Ralph Wayne Smart was born January 22*, 1915 in Clinton, Custer Co., Oklahoma - the fifth surviving child of George Joseph SMART and Lora Vale EDGAR. He had three older brothers and an older sister when he came along. He would be followed by another sister and brother.

* He celebrated his birth date as the 20th all his life without ever suspecting it. Apparently he got it wrong when first working for the railroad. From that point on, the company records served as his source--not having his birth certificate lying around.


GEDCOM (decendants)


I was born Ralph Wayne Smart on Jan. 20, 1915, in Clinton, OK. There were five boys and two girls, though one boy died when he was small.

My first memories are of Greenacres, WA around 1919. After Greenacres, we moved to Vancouver, WA for a short time. Soon after that, my dad bought an entire ranch (80 Acres) called Half Moon Prairie, 12 miles north of Spokane. We raised lots of fruits and vegetables and sold them in Spokane. In 1925, we bought a brand new Ford truck (Model-T). That's what we used for hauling the vegetables and fruit to Spokane. Before we bought the truck, we used a wagon. The truck had hard rubber tires instead of the soft, inflatable used now. Can you imagine how it must have felt to hit a bump? The ranch also had cattle. I remember two of them wandering onto the Great Northern Railroad track and getting killed. I think they paid us $100 for them. Growing on the ranch were every kind of apple and cherry you had ever heard of.

My oldest brother, Clifford stole some of the produce money and went to OK to visit relatives. We had no idea where he was until my aunt wrote and told us he was with family there. I thought it was the end of the world without my brother. He just wanted to visit relations.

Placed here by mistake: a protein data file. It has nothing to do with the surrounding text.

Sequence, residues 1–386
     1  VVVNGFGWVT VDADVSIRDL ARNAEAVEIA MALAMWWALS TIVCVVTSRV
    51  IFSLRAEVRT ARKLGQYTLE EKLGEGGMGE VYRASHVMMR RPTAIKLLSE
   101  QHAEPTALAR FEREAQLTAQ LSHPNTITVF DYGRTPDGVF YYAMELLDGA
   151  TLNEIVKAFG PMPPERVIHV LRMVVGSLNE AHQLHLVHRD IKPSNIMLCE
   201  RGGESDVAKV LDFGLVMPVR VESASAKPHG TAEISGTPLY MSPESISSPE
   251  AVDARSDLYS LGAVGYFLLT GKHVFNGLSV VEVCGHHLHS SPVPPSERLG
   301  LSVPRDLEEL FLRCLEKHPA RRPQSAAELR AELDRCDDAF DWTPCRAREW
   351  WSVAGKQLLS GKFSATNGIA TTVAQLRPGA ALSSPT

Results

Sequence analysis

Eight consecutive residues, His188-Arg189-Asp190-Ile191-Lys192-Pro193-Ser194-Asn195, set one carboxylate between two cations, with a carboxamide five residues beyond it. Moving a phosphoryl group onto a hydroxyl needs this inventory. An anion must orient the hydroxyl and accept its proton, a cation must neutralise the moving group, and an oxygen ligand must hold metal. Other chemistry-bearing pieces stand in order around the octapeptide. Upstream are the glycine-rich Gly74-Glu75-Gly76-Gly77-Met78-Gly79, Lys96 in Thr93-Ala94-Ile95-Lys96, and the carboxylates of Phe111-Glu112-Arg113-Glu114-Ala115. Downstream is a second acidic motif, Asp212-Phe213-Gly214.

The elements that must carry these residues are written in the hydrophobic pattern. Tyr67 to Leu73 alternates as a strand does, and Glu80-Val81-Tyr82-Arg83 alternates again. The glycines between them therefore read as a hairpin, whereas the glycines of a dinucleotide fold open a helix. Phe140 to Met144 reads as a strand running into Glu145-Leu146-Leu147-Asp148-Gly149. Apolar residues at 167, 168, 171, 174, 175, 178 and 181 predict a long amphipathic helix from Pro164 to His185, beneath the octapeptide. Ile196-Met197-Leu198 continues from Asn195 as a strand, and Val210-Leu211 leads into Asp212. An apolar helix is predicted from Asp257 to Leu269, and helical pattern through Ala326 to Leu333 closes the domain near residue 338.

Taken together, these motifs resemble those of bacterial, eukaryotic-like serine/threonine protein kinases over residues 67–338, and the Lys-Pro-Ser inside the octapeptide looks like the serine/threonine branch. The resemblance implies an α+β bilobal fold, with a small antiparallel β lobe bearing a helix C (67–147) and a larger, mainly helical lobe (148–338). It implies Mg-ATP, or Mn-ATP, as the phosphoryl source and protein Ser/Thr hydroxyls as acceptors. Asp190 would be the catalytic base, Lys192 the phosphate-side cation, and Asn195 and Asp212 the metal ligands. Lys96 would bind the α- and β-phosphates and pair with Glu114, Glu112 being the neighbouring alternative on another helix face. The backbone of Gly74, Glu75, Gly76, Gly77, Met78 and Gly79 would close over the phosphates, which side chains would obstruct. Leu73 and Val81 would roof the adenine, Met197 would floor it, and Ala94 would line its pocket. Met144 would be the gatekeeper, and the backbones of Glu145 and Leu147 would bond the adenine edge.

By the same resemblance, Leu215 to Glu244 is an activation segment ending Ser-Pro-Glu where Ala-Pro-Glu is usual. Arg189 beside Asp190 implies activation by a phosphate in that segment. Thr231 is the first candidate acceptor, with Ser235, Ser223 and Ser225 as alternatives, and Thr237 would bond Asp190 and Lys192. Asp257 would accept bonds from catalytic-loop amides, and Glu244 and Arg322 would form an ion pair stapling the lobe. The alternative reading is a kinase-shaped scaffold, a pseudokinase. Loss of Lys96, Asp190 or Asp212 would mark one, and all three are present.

About 1928, we moved to Wenatchee, WA. Instead of asphalt on the streets, they had wooden blocks on end. I remember when it rained, the blocks would soak up the water and make the road all lumpy. When it dried, the road would look like wooden bricks again. We soon moved 9 miles south to Squillchuck Canyon. I went to school there for 6th through 8th grade. We no longer had a car, and the school (high school) was too far away for me to attend, so I never went. Because my parents were both ill, I had to work. I worked around Wenatchee for 10 years and married Beatrice Winn. We moved to Madera in California.

In Madera, I had a job on a ranch. I worked there for quite a while. After that, I went to work for Southern Pacific Truck Lines [Pacific Intermountain Express - PIE]. In 1942 I went to work for the Southern Pacific Railroad. I worked for several years until I finally decided to buy a grocery store/service station.

Dad's Store by Ralph Dewayne Smart (oldest son)

It was right on the rivers edge of the Madera River and was a Texaco station. As I remember during those times there was much credit given and seems Dad was always getting stiffed for the charges. I remember riding my bike to the store and helping dad stock the shelves. 

After one year of that, I sold it and went back to work for the railroad. Bea and I had 4 sons, Dewayne, Jack, Randy and Gary. We lived in California until 1975, and then we moved to Sequim, Wa--just Bea and I. No kids. There, we lived at 381 Dungeness Meadows. Bea died in November of 1982 from [stomach] cancer.

I married Marsella Merrick in May of 1983. As of 1998, Dewayne lives in Quincy, Illinois, Jack lives in Port Angeles, WA, Randy lives in Grover Beach, CA. and Gary lives in Sequim, WA.


Somewhere it was said that Ralph was born at Cloud Chief, OK. But this seems unlikely.

Map of area

His early life in Oklahoma would be interrupted when his father become ill and lost the farm. So, in 1917 he was whisked off to Collville, Washington while only about two years old. The family moved in with his mother's relatives.


After the family moved to Washington, Ralph attended school at Greenacres, Half Moon Prairie and Wenatchee. He never go too far along but managed to learn what he needed to know.

He was notorious in school for his practical jokes and got into his share of trouble.